TRANSPARENCY IN THE TEXAS SENATE? NOT SO MUCH
On April 7, the author of a Senate bill that would allow concealed handgun license holders to carry their guns on college campuses brought the bill to the Senate floor. According to the Texas Observer, on that date, “we saw some unscripted debate and a rare public tiff between two senators.”
During the debate, one Senator publicly changed his mind about the bill on the Senate floor, which left it without the votes necessary to move forward. “The Texas Senate usually conducts business behind closed doors. What happens on the Senate floor typically has been figured out beforehand,” reported the Observer.
The bill was pulled down and most presumed it was dead for the session. But, on April 27, the author attempted to add it as an amendment to an unrelated higher education reform bill. The bill’s author, a Democrat, was visibly concerned at the proffered amendment. After some parliamentary procedure questions were raised by Senators, an interesting – but not unusual – thing happened.
The dean of the Senate rose and moved that the Senate recess into a “caucus of the whole Senate” to discuss “some procedural issues.” What does that mean in plain English? It means that the Senate went behind closed doors, presumably to figure out what to do next. (After three hours of closed door discussions, the president of the Senate came to the dais and adjourned the Senate until the following day with no further explanation.)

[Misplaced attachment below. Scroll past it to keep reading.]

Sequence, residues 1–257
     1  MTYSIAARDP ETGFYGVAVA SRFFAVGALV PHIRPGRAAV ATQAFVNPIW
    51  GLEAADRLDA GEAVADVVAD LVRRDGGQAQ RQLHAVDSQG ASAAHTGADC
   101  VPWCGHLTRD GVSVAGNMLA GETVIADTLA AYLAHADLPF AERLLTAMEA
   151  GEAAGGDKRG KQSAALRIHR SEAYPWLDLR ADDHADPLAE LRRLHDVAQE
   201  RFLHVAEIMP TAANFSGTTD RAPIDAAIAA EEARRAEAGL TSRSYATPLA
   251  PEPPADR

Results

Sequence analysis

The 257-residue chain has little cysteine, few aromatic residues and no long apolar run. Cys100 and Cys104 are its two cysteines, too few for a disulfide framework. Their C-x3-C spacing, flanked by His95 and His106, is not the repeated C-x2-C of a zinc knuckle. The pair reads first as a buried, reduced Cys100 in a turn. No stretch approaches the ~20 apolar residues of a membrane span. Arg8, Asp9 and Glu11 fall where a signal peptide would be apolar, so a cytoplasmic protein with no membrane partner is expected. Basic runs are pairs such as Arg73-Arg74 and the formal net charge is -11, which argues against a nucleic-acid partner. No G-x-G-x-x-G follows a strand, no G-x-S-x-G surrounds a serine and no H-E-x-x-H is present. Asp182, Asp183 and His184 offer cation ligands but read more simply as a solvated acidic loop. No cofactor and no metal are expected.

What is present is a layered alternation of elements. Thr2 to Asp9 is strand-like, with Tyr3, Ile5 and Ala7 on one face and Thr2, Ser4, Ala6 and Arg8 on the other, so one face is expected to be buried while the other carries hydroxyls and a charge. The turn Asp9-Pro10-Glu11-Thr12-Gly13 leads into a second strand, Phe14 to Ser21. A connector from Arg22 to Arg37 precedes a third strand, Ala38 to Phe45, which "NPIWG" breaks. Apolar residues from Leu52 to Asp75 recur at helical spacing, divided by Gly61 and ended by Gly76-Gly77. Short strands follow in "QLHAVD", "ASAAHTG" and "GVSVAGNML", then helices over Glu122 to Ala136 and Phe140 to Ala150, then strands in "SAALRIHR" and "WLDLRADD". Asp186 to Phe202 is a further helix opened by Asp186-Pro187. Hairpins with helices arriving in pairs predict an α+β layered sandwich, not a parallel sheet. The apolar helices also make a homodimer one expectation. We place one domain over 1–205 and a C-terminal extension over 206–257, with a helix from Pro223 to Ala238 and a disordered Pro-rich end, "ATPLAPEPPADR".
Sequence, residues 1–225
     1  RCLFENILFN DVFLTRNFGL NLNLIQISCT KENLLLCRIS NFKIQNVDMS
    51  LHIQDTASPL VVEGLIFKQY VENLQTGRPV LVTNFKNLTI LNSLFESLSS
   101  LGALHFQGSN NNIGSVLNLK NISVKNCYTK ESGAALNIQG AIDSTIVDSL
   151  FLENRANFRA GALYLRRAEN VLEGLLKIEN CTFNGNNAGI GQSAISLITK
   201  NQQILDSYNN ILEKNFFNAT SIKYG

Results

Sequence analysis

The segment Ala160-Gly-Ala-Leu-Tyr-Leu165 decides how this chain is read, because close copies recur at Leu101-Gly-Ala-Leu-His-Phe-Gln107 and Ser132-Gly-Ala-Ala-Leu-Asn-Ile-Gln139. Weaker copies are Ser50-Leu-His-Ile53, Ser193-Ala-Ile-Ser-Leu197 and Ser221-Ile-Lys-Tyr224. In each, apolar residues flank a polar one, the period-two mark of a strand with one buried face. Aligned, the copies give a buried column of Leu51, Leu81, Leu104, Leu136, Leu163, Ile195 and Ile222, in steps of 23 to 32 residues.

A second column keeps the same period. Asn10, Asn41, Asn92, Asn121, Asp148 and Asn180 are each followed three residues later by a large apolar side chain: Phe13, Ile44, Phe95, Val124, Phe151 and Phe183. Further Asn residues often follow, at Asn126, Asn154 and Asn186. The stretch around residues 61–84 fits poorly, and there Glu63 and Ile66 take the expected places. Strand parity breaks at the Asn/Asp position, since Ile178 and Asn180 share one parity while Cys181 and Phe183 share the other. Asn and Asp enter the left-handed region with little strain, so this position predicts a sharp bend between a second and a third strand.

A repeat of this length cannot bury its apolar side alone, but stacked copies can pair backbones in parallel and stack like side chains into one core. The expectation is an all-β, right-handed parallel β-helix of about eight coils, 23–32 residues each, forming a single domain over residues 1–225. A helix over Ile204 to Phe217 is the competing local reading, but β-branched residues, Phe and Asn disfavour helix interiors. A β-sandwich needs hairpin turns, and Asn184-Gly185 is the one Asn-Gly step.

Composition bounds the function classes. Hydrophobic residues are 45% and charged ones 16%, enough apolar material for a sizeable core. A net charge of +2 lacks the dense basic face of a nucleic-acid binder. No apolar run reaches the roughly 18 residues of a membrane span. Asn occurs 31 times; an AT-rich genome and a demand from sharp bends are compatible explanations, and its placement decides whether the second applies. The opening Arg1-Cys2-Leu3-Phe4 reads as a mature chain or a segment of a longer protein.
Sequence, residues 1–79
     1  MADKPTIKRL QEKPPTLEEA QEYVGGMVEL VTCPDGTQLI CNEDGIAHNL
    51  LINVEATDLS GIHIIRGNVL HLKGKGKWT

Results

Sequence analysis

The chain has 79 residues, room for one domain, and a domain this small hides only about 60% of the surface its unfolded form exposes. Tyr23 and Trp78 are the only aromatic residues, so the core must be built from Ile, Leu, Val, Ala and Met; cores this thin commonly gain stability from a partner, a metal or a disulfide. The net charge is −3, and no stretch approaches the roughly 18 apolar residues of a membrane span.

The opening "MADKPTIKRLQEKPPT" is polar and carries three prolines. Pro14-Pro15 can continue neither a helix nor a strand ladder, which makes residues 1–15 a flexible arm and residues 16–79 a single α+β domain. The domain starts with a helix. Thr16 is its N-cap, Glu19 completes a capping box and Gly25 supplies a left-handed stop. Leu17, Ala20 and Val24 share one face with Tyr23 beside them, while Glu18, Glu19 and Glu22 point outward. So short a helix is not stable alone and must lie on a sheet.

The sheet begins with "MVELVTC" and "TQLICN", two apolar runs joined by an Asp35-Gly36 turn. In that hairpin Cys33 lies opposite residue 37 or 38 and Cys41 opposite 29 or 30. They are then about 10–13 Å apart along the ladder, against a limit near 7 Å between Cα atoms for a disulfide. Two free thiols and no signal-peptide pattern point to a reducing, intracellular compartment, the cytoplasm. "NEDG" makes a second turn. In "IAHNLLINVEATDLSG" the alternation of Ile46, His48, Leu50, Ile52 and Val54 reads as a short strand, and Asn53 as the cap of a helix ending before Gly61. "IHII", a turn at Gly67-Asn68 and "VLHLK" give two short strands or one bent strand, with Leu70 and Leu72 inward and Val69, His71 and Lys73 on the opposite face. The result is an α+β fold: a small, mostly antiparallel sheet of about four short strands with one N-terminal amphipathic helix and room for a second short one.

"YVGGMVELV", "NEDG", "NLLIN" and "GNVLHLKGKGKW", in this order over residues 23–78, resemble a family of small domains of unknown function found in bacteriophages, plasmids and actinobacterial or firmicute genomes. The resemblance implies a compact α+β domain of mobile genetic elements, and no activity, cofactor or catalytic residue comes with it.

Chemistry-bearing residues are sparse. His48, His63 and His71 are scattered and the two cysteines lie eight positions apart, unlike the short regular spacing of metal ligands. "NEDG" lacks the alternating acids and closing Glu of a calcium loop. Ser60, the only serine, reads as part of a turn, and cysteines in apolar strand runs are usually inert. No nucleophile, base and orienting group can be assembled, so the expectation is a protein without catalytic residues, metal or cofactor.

Wouldn’t it be interesting if a mayor tried to take his or her entire city council behind closed doors to discuss “some procedural issues”? That won’t ever happen, of course, because if it did, that mayor and every member of the city council would be subject to criminal penalties, including jail time.
It sure would have been interesting to be a fly on the wall during that “caucus of the whole,” wouldn’t it?